What Do Successful CPA Firm Consulting Practices Do Differently?

As a CPA firm leader, you know that your firm must embrace a consulting mindset. You are watching your tax and audit margins erode and competition intensify for clients and for recruiting and retaining top talent. You recognize the profit potential in providing consulting services to your clients and prospective clients. But recognizing a solution to a problem is not the same as knowing how to execute it.

So how can you catalyze a shift in your firm from compliance to consulting? Following are some of the key steps that we see working in CPA firms around the country.


1: They don’t try to run their consulting divisions like a compliance practice.

Leaders in successful CPA and consulting firms recognize that they cannot attempt to run their consulting service lines like they do their tax and audit lines. Consulting requires different types of people, governance and infrastructure investment. Consulting practices use different KPIs. Instead of billable hours and utilization, they focus on revenue growth. When they are on a project, their realization should be close to 100%. But these projects must be resold each year—or even multiple times per year, depending on the type of service. Keeping the pipeline full requires a much heavier investment in sales and marketing to drive those enviable profitability and growth rates.

Bottom line: Don’t expect your consultants to fill out a time sheet.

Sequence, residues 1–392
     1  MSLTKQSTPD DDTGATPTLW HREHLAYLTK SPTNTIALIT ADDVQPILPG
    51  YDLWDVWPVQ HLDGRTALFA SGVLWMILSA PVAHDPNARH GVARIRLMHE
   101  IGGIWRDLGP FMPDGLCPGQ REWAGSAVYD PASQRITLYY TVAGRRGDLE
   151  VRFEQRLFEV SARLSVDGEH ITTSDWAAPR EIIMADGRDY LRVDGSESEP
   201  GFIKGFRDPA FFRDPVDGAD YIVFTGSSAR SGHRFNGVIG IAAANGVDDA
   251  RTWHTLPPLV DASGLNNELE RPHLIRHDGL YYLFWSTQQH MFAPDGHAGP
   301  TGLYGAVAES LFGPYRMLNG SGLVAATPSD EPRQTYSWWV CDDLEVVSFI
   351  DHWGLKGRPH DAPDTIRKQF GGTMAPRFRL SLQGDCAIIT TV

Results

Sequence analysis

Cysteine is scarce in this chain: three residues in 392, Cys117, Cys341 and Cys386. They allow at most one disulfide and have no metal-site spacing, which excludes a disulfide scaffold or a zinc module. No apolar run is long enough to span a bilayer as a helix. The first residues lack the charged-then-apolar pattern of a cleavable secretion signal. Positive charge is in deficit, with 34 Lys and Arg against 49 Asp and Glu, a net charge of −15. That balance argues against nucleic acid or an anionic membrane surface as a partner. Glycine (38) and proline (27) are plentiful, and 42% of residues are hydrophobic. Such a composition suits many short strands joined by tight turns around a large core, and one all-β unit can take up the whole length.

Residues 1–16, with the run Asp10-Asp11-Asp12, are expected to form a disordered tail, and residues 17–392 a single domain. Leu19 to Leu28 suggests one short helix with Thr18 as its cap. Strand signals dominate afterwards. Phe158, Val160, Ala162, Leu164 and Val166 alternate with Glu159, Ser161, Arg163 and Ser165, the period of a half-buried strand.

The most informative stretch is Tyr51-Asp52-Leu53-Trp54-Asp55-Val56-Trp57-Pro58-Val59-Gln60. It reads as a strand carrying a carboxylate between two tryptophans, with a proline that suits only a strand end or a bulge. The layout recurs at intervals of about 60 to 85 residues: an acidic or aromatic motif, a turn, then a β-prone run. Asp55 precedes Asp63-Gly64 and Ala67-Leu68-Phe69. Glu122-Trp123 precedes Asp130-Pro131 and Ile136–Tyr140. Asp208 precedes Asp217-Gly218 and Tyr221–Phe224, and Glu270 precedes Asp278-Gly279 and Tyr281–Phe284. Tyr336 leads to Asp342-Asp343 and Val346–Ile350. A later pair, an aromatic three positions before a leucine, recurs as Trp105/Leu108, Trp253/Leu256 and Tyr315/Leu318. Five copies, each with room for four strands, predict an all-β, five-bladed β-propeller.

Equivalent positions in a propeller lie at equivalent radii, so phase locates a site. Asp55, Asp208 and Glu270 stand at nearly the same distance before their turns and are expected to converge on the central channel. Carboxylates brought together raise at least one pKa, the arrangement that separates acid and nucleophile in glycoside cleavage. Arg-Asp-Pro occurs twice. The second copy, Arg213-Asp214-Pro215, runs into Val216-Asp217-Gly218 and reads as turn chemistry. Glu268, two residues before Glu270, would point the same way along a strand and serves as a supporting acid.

2: They bring their ‘stealth’ consulting practice into the light.

Many CPA firms believe they are already consultants because they sit down with clients to offer advice and insight when they deliver a tax return or financial attestation. This compliance-based advisory is valuable to clients. But too many firms are leaving money on the table because they fail to package and price that advice in a way that captures the value they deliver.

Successful CPA consulting firms clarify the value proposition of the consulting service and craft a specific go-to-market plan for each target audience. Then they make sure that message is delivered consistently both within the firm and externally.


3: They loosen the grip of gatekeeper partners with structures and systems.

The primary roadblock for most CPA firms struggling to launch a consulting practice is the “gatekeeper” partner. These partners hold their client relationships close for a few reasons. For one, they don’t understand the service and the value it can provide to their clients. The clear and consistent communication of the value proposition can help educate those partners. But what will make the most difference is sharing stories about how the firm solved a client’s problems and generated positive financial results for the client and for the firm. In many cases, the revenues generated by a consulting service are many times what the firm was making from delivery of audit or tax compliance services.

Of course, in firms that continue to pay partners based on their book of business, those gatekeepers will continue to cling to their clients. The most successful firms are redesigning compensation systems to recognize the contributions of multiple people in bringing a consulting project across the finish line—from the originator of lead to the client relationship manager. By “spreading the love,” these firms reduce the incentive for partners to hold onto compliance work at the expense of more profitable consulting work.

The journey from a compliance-focused CPA firm to one that leads with a consulting mentality can be a long one. But the payoff is a firm that will remain strong, resilient and growing for decades to come.


To learn more, click here to receive our forthcoming white paper, “How to Beat the Robots: The Accounting Industry’s Big Shift from Compliance to Consulting.” Also, check out our 2017 panel discussion on the growth of consulting services in the CPA profession.